The Obvious: Steve Smith is a former Trojans All-America wide receiver who had a brief but successful six-year career in the NFL until he was forced to retire due to a severe knee injury.

The Not So Obvious: Like most professional athletes, Smith has had to make the tough transition from playing into the workforce. Steve told The Times, “I tell people I feel one part of me died and another part of me is birth, because football was my life, my love. I worked so hard. Transitioning was definitely tough. I feel you have to get into something you love and enjoy, so you can have that passion in the next phase.”

The Obvious: Upon retirement, many athletes try to stay connected to the game they played or get involved in something related to athletics.

The Not So Obvious: For Steve Smith, he found his niche by becoming a business partner in the Xplode Training Center in Chatsworth. The emphasis is not just the physical aspect of playing a sport but the development of a player’s character.

The Obvious: One of former Trojans head Pete Carroll’s favorite things to do with his team was to take them on non-football related field trips.

The Not So Obvious: One of the places Carroll loved to take his team was to the beach. So it should come as no surprise that current Trojans head coach Steve Sarkisian, a Carroll disciple, is following the lead of his mentor and recently took a large group of his Trojan players to a Hermosa Beach.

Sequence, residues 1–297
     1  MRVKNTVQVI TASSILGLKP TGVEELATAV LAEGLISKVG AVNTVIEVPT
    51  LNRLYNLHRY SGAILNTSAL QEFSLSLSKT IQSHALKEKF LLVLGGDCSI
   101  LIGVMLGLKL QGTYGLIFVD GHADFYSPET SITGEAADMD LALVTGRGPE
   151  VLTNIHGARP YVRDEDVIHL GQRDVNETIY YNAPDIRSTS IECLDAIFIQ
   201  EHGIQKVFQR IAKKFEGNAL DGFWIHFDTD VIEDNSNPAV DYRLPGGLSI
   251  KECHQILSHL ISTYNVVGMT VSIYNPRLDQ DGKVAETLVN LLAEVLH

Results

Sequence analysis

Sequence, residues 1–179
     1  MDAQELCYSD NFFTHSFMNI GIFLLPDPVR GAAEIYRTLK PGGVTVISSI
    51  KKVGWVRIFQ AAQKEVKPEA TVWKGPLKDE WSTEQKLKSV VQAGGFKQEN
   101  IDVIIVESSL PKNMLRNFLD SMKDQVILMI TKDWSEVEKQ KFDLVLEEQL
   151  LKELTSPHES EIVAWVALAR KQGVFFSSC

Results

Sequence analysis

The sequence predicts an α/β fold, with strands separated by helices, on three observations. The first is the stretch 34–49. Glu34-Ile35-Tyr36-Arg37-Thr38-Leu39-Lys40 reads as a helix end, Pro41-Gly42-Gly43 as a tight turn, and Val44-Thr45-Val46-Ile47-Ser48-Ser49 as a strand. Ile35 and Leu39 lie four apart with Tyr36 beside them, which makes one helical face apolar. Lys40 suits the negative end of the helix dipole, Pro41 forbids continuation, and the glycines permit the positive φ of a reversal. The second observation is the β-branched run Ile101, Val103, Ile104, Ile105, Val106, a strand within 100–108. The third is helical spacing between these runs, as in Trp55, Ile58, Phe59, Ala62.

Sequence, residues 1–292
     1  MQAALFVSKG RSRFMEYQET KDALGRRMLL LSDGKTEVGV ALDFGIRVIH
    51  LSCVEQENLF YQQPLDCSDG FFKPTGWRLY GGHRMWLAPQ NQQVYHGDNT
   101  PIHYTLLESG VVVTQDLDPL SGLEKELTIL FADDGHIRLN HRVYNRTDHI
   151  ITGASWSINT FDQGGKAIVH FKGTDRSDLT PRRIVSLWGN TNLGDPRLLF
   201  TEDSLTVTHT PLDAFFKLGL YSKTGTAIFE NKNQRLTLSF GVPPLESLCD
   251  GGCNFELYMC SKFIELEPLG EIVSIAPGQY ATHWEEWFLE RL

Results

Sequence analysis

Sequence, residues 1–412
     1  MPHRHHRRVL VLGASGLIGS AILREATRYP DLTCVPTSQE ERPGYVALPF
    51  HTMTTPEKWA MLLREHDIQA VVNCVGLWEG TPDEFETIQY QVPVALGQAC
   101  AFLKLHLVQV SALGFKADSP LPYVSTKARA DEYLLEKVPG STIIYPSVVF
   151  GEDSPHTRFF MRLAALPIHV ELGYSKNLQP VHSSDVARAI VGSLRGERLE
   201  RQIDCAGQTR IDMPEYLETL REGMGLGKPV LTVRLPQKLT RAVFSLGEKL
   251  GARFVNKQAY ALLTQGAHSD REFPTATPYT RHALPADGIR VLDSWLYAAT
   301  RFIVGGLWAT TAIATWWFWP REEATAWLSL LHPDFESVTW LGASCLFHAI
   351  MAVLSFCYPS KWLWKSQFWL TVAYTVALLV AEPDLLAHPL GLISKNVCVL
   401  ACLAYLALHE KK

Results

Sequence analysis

The Obvious: One of the highlights of each Trojans athletic year is the annual USC Hall of Fame Induction Ceremony, which will be held May 16 in the John McKay Center.

The Not So Obvious: For former USC Hall of Fame inductees, each member is given two complimentary tickets for the pricey affair. How pricey? Rumor has it the cost of a ticket is $300 per ticket. Do they take MasterCard?

The Obvious: And finally, a combined sixteen former athletes, coaches and media members will be inducted into the 2015 USC Hall of Fame.

The Not So Obvious: The 16 honorees include Byron Black (tennis), Pete Carroll (football coach), Jack Del Rio (football/baseball), John Hamilton (Spirit Award), Isabelle Harvey (soccer), Joe Jares (media), Jimmy Jones (football), Dave Levy (football coach), Harold Miner (basketball), Aniko Pelle (water polo), Mark Prior (baseball), Kristine Quance-Julian (swimming), Don Quarrie (track and field), Jennifer Rosales (golf), Tim Rossovich (football) and Bob Yoder (volleyball player/coach).



Greg Katz
Author
Greg Katz

Now in his 58th season of either writing, broadcasting, or just plain watching USC football, WeAreSC columnist Greg Katz began his affiliation with the website back in 2001, introducing his well-received O/NSO (The Obvious/The Not So Obvious) column and later adding his respected IMHO Sunday opinion and tidbits column. Greg, a former ESPN.com college football staff writer covering USC, is also a member of the Football Writer's Association of America. He is also known in Southern California as a professional public address announcer, having called the the 1996 Rose Bowl Game between USC and Northwestern. Greg also holds a master's degree in athletic administration and was a former varsity high school coach of 27 years.